Impact on Emotions
Women struggle more with the emotional and social effects of psoriasis and psoriatic arthritis, according to a National Psoriasis Foundation report. The report showed that psoriasis looms over the everyday lives of about 20 percent of women, compared to 12 percent of men. Nearly 60 percent of women said psoriasis interferes with their quality of life.
"The pressure is so intense on women to appear attractive to others. So much of our capital in the world is based on our appearance," said Wendy Chapkis, director of the women and gender studies program at the University of Southern Maine and author of "Beauty Secrets: Women and the Politics of Appearance. "That's not just an emotional reality—that's a material reality."
Dealing with psoriasis can be particularly hard on young women, according to Dr. Julie Nelligan, a Portland, Ore., psychologist who specializes in the emotional impact of chronic diseases.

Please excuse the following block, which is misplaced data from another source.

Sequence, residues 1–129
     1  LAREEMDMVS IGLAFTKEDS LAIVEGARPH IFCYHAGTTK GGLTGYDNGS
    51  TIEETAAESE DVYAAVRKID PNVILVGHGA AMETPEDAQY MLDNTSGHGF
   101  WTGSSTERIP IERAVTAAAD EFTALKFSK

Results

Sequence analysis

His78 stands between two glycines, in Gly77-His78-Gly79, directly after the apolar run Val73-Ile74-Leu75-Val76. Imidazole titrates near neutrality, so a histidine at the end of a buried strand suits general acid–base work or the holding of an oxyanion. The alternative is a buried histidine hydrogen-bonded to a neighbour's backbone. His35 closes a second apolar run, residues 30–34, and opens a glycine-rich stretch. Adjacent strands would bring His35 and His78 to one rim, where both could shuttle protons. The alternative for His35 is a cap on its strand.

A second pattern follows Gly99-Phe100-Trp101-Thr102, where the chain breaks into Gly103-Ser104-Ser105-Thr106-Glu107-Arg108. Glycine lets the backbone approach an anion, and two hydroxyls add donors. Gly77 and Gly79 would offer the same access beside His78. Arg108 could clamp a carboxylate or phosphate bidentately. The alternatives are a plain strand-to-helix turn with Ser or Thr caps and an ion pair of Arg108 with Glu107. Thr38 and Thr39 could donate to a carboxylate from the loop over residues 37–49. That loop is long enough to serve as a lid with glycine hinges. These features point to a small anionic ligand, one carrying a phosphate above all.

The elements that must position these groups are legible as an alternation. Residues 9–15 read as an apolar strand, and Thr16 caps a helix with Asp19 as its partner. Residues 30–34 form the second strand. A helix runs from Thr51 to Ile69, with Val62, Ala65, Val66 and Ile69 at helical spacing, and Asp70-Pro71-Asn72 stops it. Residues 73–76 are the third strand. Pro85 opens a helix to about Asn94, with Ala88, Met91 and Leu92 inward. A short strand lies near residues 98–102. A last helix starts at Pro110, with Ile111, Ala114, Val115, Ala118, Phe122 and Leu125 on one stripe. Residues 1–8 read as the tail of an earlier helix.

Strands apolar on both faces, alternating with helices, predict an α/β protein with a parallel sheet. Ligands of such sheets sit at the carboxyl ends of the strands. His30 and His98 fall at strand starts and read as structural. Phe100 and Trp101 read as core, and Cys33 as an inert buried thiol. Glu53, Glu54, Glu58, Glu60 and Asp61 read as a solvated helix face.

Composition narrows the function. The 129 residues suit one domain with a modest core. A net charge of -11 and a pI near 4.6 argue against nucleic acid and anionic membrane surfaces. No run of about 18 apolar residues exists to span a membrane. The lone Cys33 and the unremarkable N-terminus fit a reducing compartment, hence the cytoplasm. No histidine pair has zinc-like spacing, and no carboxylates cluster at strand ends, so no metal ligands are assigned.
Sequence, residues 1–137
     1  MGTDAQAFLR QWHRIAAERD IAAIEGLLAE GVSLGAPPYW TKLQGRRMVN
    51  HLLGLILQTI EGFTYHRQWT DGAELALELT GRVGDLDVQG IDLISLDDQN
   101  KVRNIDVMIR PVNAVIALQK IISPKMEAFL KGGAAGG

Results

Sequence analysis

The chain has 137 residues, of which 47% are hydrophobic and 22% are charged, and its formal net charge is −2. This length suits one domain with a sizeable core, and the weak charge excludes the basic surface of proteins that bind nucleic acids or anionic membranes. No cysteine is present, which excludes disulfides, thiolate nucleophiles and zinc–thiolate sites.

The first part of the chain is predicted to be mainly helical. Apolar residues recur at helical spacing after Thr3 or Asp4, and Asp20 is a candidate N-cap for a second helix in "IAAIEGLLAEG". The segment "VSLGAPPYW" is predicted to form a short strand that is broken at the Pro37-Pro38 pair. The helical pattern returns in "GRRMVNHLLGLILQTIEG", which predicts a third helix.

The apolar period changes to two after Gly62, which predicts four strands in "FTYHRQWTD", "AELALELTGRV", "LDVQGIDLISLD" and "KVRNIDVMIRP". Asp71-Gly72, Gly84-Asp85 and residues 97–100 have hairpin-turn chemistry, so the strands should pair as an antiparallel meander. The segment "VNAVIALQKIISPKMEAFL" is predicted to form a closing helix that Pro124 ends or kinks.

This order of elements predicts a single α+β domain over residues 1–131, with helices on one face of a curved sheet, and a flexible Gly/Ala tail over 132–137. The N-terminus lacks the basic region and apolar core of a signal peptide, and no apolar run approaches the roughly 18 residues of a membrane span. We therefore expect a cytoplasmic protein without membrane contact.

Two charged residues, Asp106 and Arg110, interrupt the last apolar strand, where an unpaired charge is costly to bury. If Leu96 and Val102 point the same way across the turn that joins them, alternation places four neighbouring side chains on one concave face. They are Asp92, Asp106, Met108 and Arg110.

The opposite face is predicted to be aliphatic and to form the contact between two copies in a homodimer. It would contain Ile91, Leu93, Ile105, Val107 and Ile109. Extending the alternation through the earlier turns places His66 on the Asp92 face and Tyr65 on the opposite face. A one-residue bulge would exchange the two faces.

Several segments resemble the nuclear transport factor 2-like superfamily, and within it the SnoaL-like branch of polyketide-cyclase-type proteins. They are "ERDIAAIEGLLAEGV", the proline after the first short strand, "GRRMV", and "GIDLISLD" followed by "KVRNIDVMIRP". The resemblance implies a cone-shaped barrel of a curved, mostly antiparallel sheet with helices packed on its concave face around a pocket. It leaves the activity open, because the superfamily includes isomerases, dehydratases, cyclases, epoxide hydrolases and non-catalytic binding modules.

"People under 40 are looking for their social group, their career, their mate," said Nelligan. "It's very important how other people perceive them. If their psoriasis is in a place that makes them uncomfortable, that can impair their confidence and ability to form the key relationships and activities that are the foundation for their lives."
Men and women with psoriasis are at a higher risk of developing depression. However, finding a treatment that works for you can have a positive impact on your mental health, said Dr. Jerry Bagel, a dermatologist at Columbia University. Read more about how to manage depression and psoriatic diseases.